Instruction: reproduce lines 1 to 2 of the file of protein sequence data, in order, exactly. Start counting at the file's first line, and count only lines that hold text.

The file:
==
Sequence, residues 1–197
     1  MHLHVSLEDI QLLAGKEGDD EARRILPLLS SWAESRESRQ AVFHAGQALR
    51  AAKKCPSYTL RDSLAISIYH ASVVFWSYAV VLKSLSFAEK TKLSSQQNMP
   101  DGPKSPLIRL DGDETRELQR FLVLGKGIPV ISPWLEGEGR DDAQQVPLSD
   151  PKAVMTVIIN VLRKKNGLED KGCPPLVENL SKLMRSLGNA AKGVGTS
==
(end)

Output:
Sequence, residues 1–197
     1  MHLHVSLEDI QLLAGKEGDD EARRILPLLS SWAESRESRQ AVFHAGQALR